It had a really good chance of being bad when it started.
By the end, it was worse than anybody could have expected.
When the Red Sox designated A.J. Pierzynski for assignment Wednesday, there were multiple factors identified by both Red Sox manager John Farrell and general manager Ben Cherington. In a nutshell, the catcher didn't hit like they thought he would, and with the Sox not winning, it became evident the time had come to give Christian Vazquez a try behind the plate.
But it was so much more than that.
According to multiple sources within the Red Sox clubhouse, Pierzynski had become such a negative influence on the team that players approached both the Sox coaches and front office to address the problem. The common theme expressed was the catcher's seeming indifference toward his teammates and the common goals of the same organization that had relied on an all-for-one approach when winning the 2013 World Series.
A microcosm of Pierzynski's approach was mentioned by more than one of the backstop's former teammates, who revealed his propensity to spend a significant amount of time looking at his phone while at his locker during games. In one instance, after a particularly rough outing in which the starting pitcher had been pulled early in the game, Pierzynski could be found staring at his phone while the pitcher gave off the appearance of being an emotional wreck just a few feet away. That incident paved the way for at least one complaint to management from a teammate.
The frustrations with Pierzynski among the Red Sox grew with the catcher's indifference toward the perceived needs of the club. While it was understood that former Sox catcher Jarrod Saltalamacchia had some flaws in his game, it was noted in multiple corners of the clubhouse that the difference between the current Marlins backstop and Pierzynski was that Saltalamacchia was invested in his pitchers' successes and failures, whereas Pierzynski had limited interest in branching out beyond himself.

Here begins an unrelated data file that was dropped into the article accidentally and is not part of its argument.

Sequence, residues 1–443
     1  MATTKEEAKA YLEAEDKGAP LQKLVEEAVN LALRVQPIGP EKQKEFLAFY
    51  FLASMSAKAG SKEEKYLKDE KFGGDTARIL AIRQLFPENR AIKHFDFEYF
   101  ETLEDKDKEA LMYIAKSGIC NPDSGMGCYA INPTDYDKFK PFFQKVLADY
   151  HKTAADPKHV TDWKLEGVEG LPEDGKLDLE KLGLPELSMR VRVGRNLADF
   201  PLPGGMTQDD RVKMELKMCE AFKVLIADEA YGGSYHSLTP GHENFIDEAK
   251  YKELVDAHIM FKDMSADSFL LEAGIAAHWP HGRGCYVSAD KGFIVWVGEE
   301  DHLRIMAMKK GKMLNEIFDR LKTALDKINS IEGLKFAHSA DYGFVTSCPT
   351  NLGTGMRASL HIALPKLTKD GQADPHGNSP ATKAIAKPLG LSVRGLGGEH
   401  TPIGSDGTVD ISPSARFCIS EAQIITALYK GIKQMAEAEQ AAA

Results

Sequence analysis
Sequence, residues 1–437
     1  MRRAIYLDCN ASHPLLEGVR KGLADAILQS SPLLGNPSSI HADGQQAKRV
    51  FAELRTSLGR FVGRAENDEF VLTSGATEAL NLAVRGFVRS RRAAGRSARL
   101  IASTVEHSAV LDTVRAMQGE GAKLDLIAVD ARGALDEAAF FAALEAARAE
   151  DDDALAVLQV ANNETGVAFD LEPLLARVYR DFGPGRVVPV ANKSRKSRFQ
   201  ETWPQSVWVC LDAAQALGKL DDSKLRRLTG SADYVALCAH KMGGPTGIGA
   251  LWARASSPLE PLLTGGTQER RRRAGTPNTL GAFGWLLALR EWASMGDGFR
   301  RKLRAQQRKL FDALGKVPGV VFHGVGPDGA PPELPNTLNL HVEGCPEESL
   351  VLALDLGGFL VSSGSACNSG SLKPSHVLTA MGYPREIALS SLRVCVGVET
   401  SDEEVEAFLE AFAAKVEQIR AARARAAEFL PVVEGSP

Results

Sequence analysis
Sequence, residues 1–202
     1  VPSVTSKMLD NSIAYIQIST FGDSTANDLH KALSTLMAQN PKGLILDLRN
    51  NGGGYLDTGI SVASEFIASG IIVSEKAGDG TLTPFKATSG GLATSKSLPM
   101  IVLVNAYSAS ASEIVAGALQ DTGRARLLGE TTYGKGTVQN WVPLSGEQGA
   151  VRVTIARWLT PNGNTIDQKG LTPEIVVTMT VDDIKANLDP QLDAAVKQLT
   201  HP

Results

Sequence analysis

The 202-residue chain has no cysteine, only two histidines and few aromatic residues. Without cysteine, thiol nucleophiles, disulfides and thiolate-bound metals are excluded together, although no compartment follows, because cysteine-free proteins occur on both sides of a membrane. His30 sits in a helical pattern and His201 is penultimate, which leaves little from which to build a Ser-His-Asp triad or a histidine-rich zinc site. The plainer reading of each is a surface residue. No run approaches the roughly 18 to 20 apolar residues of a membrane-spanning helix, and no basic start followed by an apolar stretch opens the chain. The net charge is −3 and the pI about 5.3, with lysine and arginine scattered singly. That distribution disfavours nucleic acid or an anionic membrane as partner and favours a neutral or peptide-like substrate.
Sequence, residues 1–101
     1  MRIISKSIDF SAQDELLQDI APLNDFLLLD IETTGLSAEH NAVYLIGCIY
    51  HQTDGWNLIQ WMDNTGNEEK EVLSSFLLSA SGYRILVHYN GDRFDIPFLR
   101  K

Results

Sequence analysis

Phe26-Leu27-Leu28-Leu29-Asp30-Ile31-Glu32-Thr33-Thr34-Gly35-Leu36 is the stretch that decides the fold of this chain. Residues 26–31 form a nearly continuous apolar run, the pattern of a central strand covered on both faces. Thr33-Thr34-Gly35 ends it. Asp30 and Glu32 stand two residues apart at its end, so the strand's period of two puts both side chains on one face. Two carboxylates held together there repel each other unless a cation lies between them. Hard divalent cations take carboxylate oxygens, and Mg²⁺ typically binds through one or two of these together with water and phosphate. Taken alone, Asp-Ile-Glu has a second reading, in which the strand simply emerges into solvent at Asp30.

It should be noted that one player can't be defined as the downfall of this Red Sox team to date, but it was tough to ignore the voices throughout the home clubhouse in the aftermath of the team's 5-4 walkoff victory over the White Sox, which described an entirely different dugout environment than there had been up through Tuesday. Over the course of a season, there are few times such proclamations are made, but this was unmistakably one of those rarities.
The Red Sox might rattle off 10 straight losses, leading to many of the same players who were celebrating Wednesday's win being shipped out of town. But the facts are the facts, and the facts are that this one player was identified as a dark cloud that had just been lifted by multiple members of what is perceived as one of baseball's most tight-knit groups.
This was a square peg in a round hole to begin with.
The Red Sox viewed signing Pierzynski as an opportunity to fill a one-year gap with a player who might approach Saltalamacchia's offensive production from the left side at what would be nearly half the cost of a $14 million qualifying offer. The narrative included a history of winning, making contact (which the lineup seemingly needed) and having a solid throwing arm that might help limit opponents' running games.